In the midst of the COVID-19 pandemic, eating healthy food remains an important part of maintaining your health. While there are no specific foods that can help protect you from the virus, a nutritious diet can boost your immune system or help you fight off symptoms. There are lots of other ways to eat well and support your health at this difficult time.
Healthy eating doesn’t have to be overly complicated. If you feel overwhelmed by all the conflicting nutrition and diet advice out there, you’re not alone. It seems that for every expert who tells you a certain food is good for you, you’ll find another saying exactly the opposite. The truth is that while some specific foods or nutrients have been shown to have a beneficial effect on mood, it’s your overall dietary pattern that is most important. The cornerstone of a healthy diet should be to replace processed food with real food whenever possible. Eating food that is as close as possible to the way nature made it can make a huge difference to the way you think, look, and feel.
By using these simple tips, you can cut through the confusion and learn how to create—and stick to—a tasty, varied, and nutritious diet that is as good for your mind as it is for your body.
Healthy Eating Pyramid
The Harvard Healthy Eating Pyramid represents the latest nutritional science. The widest part at the bottom is for things that are most important. The foods at the narrow top are those that should be eaten sparingly, if at all.
While some extreme diets may suggest otherwise, we all need a balance of protein, fat, carbohydrates, fiber, vitamins, and minerals in our diets to sustain a healthy body. You don’t need to eliminate certain categories of food from your diet, but rather select the healthiest options from each category.
Protein gives you the energy to get up and go—and keep going—while also supporting mood and cognitive function. Too much protein can be harmful to people with kidney disease, but the latest research suggests that many of us need more high-quality protein, especially as we age. That doesn’t mean you have to eat more animal products—a variety of plant-based sources of protein each day can ensure your body gets all the essential protein it needs.
Fat Not all fat is the same. While bad fats can wreck your diet and increase your risk of certain diseases, good fats protect your brain and heart. In fact, healthy fats—such as omega-3s—are vital to your physical and emotional health. Including more healthy fat in your diet can help improve your mood, boost your well-being, and even trim your waistline.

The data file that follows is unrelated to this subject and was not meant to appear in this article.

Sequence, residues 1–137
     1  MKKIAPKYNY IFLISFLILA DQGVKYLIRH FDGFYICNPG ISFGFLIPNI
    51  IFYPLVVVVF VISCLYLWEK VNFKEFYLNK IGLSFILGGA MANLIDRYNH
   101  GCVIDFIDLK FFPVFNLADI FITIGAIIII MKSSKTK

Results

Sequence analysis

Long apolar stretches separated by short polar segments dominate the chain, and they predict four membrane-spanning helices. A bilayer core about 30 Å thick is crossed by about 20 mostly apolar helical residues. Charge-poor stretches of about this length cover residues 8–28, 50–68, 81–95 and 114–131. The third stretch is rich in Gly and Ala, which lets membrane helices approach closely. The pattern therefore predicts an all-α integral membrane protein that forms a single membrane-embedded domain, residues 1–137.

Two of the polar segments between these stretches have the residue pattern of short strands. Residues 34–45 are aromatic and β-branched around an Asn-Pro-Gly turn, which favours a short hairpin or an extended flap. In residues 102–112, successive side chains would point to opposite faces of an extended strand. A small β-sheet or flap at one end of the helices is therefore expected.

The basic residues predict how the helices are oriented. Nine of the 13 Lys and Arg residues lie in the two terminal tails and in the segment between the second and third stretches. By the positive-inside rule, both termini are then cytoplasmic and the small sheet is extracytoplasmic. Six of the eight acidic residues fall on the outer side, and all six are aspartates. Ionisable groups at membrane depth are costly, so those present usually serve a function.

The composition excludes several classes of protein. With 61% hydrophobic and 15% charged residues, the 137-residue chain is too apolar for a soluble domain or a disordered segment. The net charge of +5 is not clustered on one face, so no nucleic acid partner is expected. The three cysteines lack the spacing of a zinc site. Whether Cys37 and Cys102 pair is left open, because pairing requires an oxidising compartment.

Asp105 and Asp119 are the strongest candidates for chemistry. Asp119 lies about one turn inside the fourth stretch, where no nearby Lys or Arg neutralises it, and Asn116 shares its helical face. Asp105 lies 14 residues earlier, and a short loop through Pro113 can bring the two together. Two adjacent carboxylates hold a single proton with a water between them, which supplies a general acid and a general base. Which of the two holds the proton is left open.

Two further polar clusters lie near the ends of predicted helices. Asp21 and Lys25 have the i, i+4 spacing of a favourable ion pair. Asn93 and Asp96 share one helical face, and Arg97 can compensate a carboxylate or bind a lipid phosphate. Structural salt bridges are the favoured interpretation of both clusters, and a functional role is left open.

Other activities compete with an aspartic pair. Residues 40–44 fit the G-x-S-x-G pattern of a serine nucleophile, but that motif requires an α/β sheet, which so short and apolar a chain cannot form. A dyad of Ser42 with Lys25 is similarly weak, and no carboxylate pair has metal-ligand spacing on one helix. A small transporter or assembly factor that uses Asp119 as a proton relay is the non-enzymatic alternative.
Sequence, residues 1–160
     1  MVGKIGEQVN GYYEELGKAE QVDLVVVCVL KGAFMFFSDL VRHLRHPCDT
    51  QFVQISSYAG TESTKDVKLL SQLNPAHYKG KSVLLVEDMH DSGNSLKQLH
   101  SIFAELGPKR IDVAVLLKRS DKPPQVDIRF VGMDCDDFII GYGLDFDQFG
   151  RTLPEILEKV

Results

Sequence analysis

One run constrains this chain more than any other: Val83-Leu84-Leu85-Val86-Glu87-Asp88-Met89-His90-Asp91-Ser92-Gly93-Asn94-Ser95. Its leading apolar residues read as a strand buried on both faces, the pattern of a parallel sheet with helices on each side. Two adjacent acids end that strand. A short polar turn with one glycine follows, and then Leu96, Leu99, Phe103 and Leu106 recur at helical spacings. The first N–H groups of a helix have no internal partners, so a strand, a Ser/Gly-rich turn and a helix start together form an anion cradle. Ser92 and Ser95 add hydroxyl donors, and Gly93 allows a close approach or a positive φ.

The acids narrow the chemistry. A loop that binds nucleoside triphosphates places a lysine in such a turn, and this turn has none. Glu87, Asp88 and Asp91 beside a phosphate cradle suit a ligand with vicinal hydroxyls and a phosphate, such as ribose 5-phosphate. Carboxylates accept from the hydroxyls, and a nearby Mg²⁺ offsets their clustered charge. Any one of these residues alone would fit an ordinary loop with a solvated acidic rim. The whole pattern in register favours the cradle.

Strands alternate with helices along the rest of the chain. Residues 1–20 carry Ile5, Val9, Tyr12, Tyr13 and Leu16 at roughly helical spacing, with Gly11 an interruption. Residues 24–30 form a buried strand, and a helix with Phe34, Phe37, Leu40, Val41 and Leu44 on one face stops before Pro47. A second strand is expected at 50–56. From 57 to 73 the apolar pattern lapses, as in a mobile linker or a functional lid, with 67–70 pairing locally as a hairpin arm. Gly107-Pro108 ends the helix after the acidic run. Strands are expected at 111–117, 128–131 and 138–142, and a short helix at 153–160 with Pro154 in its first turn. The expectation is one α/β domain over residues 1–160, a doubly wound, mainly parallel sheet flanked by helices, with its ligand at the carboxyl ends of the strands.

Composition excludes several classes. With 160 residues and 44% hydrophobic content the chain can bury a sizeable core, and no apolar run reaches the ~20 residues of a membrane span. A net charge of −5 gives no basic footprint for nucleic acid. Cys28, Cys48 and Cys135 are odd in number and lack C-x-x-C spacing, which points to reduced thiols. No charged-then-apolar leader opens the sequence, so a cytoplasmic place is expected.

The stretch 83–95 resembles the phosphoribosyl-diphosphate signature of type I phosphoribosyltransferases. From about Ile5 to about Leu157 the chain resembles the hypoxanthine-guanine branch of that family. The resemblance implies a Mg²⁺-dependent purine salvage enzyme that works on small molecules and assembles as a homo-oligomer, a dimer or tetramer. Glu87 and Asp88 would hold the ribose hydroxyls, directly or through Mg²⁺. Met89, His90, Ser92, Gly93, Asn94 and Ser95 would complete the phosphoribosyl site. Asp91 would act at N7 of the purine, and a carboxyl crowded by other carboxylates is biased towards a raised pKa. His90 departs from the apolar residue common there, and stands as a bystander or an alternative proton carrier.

Fiber Eating foods high in dietary fiber (grains, fruit, vegetables, nuts, and beans) can help you stay regular and lower your risk for heart disease, stroke, and diabetes. It can also improve your skin and even help you to lose weight.
Calcium As well as leading to osteoporosis, not getting enough calcium in your diet can also contribute to anxiety, depression, and sleep difficulties. Whatever your age or gender, it’s vital to include calcium-rich foods in your diet, limit those that deplete calcium, and get enough magnesium and vitamins D and K to help calcium do its job.
Carbohydrates are one of your body’s main sources of energy. But most should come from complex, unrefined carbs (vegetables, whole grains, fruit) rather than sugars and refined carbs. Cutting back on white bread, pastries, starches, and sugar can prevent rapid spikes in blood sugar, fluctuations in mood and energy, and a build-up of fat, especially around your waistline.
In essence, it means eating only as much food as your body needs. You should feel satisfied at the end of a meal, but not stuffed. For many of us, moderation means eating less than we do now. But it doesn’t mean eliminating the foods you love. Eating bacon for breakfast once a week, for example, could be considered moderation if you follow it with a healthy lunch and dinner.
Take your time. It’s important to slow down and think about food as nourishment rather than just something to gulp down in between meetings or on the way to pick up the kids. It actually takes a few minutes for your brain to tell your body that it has had enough food, so eat slowly and stop eating before you feel full.
Eat with others whenever possible. Eating alone, especially in front of the TV or computer, often leads to mindless overeating.
Limit snack foods in the home. Be careful about the foods you keep at hand. It’s more challenging to eat in moderation if you have unhealthy snacks and treats at the ready. Instead, surround yourself with healthy choices and when you’re ready to reward yourself with a special treat, go out and get it then.
Control emotional eating. We don’t always eat just to satisfy hunger. Many of us also turn to food to relieve stress or cope with unpleasant emotions such as sadness, loneliness, or boredom. But by learning healthier ways to manage stress and emotions.
Eat breakfast, and eat smaller meals throughout the day. A healthy breakfast can jumpstart your metabolism, while eating small, healthy meals keeps your energy up all day.
Avoid eating late at night. Try to eat dinner earlier and fast for 14-16 hours until breakfast the next morning. Studies suggest that eating only when you’re most active and giving your digestive system a long break each day may help to regulate weight.
See also: Prophetic Medicine; Health care in Islam; Health eating; Immune system;